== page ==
Tuesday, November 29, 2016

The Alice Network by Kate Quinn

Rating: ★ ★ ★ ★ ★
Obtained from: Publisher
Read: November 16, 2016

1947. In the chaotic aftermath of World War II, American college girl Charlie St. Clair is pregnant, unmarried, and on the verge of being thrown out of her very proper family. She's also nursing a desperate hope that her beloved cousin Rose, who disappeared in Nazi-occupied France during the war, might still be alive. So when Charlie's parents banish her to Europe to have her "little problem" taken care of, Charlie breaks free and heads to London, determined to find out what happened to the cousin she loves like a sister. 1915. A year into the Great War, Eve Gardiner burns to join the fight against the Germans and unexpectedly gets her chance when she's recruited to work as a spy. Sent into enemy-occupied France, she's trained by the mesmerizing Lili, the "Queen of Spies", who manages a vast network of secret agents right under the enemy's nose. Thirty years later, haunted by the betrayal that ultimately tore apart the Alice Network, Eve spends her days drunk and secluded in her crumbling London house. Until a young American barges in uttering a name Eve hasn't heard in decades, and launches them both on a mission to find the truth... no matter where it leads.

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Do you know what happens when one of your favorite authors leaves her usual stomping grounds and tackles your favorite period of world history? First, you geek out like the nerd you are. Then worry sets in and you start to psyche yourself out over whether or not the novel will live up to your inflated expectations. After that, you vacillate back and forth between the two. This continues until you actually get opportunity to read the book and are put out of your misery. I know because that’s exactly what happened when I discovered Kate Quinn was writing about World War II.

It was horrible. The highs and lows of my anticipation put Tim Curry to shame, but I was offered an unexpected reprieve in the form of a simple blue ARC. My copy lacked the author’s notes and the attractive jacket, but the story was there and that was all I needed. I inhaled the book in single sitting and then, just because I could, I read it again. I didn’t take notes on the first pass which is unusual for me. I intended to, but my infamous notebook was actually blank when I finished the final page and looking back, I’m glad I didn’t write my review then and there as my thoughts on my first read were remarkably different than those on my second.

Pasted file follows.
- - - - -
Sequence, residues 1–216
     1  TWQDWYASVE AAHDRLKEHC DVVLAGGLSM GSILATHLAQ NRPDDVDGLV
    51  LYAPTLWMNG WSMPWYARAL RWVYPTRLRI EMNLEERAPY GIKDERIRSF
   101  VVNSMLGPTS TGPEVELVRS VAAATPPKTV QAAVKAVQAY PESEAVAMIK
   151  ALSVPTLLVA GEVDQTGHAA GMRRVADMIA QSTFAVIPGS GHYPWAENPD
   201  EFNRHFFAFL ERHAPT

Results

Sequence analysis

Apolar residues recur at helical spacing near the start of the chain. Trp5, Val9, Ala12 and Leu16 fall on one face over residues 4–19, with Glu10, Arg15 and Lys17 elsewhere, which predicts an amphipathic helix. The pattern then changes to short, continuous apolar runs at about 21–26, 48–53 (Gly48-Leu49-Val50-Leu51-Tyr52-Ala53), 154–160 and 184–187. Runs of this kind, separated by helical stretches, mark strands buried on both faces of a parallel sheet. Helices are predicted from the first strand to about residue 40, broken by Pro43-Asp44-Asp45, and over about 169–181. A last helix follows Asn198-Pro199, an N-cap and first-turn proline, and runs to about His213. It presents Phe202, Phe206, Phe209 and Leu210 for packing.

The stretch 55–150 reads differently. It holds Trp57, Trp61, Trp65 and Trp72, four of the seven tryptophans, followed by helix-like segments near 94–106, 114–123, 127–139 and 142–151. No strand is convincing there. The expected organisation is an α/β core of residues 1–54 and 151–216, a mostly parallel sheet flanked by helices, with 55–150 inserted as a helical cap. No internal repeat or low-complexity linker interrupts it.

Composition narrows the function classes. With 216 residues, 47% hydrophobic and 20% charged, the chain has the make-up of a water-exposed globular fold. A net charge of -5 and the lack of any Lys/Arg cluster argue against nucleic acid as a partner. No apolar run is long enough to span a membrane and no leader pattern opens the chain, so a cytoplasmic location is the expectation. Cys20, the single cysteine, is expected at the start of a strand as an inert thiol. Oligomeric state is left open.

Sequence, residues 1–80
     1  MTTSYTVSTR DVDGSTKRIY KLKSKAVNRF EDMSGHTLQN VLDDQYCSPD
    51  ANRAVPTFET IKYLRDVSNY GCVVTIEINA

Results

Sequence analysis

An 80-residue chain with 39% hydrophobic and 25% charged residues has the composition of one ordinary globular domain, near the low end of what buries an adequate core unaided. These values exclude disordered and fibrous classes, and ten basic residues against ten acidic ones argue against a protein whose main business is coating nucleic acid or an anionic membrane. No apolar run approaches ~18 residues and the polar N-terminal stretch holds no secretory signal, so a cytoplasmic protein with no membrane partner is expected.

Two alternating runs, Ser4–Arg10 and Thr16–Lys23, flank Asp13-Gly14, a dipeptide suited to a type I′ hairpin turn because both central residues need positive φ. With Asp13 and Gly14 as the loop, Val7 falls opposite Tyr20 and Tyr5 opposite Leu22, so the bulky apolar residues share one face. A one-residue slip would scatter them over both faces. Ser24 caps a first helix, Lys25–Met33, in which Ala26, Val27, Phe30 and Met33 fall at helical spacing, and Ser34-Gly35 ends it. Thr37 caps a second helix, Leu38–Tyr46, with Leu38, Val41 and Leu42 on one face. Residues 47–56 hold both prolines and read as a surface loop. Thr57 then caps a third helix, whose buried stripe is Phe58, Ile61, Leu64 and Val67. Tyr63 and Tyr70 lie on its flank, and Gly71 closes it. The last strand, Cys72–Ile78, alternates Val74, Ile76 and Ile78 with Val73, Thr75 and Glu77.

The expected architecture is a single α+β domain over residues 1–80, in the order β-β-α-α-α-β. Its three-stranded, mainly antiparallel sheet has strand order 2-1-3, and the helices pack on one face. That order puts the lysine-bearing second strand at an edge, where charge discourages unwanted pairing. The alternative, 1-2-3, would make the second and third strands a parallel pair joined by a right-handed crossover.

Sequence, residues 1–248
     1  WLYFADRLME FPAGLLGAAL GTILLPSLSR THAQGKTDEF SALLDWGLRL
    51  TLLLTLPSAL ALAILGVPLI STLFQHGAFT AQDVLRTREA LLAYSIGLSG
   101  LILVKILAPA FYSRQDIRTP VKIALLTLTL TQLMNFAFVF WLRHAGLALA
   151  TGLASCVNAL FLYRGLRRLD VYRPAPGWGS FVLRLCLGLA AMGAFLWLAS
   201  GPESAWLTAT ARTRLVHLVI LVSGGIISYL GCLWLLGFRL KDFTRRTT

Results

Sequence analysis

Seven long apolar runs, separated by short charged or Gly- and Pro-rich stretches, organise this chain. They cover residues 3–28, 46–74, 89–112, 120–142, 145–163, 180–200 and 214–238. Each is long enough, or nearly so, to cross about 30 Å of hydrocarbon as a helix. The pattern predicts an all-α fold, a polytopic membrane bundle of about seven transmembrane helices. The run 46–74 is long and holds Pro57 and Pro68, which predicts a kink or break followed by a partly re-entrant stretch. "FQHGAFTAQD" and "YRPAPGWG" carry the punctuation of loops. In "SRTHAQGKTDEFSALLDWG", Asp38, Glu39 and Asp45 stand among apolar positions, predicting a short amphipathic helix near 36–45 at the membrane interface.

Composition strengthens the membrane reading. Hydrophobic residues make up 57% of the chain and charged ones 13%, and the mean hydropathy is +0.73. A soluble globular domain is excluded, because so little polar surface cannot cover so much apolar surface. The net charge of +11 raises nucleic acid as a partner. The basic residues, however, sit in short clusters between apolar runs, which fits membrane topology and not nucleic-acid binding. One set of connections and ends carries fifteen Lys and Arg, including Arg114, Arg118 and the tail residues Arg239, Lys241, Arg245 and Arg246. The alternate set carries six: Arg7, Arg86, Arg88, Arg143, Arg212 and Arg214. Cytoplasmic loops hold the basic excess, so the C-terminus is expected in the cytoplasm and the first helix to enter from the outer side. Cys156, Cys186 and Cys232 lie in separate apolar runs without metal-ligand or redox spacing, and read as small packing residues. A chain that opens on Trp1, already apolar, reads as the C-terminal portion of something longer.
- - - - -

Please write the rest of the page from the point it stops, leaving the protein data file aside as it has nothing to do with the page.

Quinn’s signature humor was abundant, but the rhythms of The Alice Network are very different than those of her earlier works. I was confused by that on my first pass, but I grew a deep appreciation for it on my second. I loved the characters, Eve, Lili, and Finn had me rolling on floor more often than I care to admit, but the thematic ideas Quinn played with over the course of the novel felt larger and more comprehensive than anything I’d seen from her before.

I was tickled by the appearance of a Legonda LG6, but the car itself was a superficial detail that could have been dropped into any story. The fabric of the narrative, however, speaks to a much deeper understanding of the period than the car and/or cover description suggests. Half the narrative takes place during World War I while the other unfolds just after World War II. Anyone who has studied the politics will tell you the two conflicts are intrinsically related, but as a fan of war era fiction, I can attest that few authors attempt to illustrate the relationship in a single narrative. Though she avoids deep diving into the political side of things, Quinn treats the two wars as continuing chapters in the lives and experiences of her cast and while I’m not sure every reader will appreciate the subtle nuance, I was personally very impressed with the thematic parallel.

I freely admit that some portions of the narrative are slower than others. In terms of tension, Quinn’s work can’t be compared to spy novels like Code Name Verity, but the personal journeys and conflicts faced by each character offer a different sort of intrigue. There are moments, carefully scattered throughout the story, that leave one on edge of their seat, but it is the characters and how they are shaped by their experiences that captivates the imagination.

Would I recommend the book? Whole-heartedly and without hesitation. I expected this novel to be well-written and I expected an exhaustive level of research to be evidenced in the final product. Quinn delivered on both, but she also managed level of creativity, depth and authentic human emotion that caught me entirely off guard.

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"It is my job to find people with certain skills - the ability to speak French and German, for example. The ability to lie. Outward innocence. Inward courage. To find them and put them to work, ferreting out what the Boches have planned for us. I think you show potential, Miss Gardiner. So, let me ask: do you wish to stand for England?"
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1 comment:

Stephanie @ Bookfever said...

Amazing review, Erin! I haven't read many books that take place during this period but in the last years I've become more interested in it so I'm of course very excited about this book. And Kate Quinn happens to be one of my favorite authors. I'm also extra excited now because like you said in your review half the narrative takes place during World War I and the other just after World War II.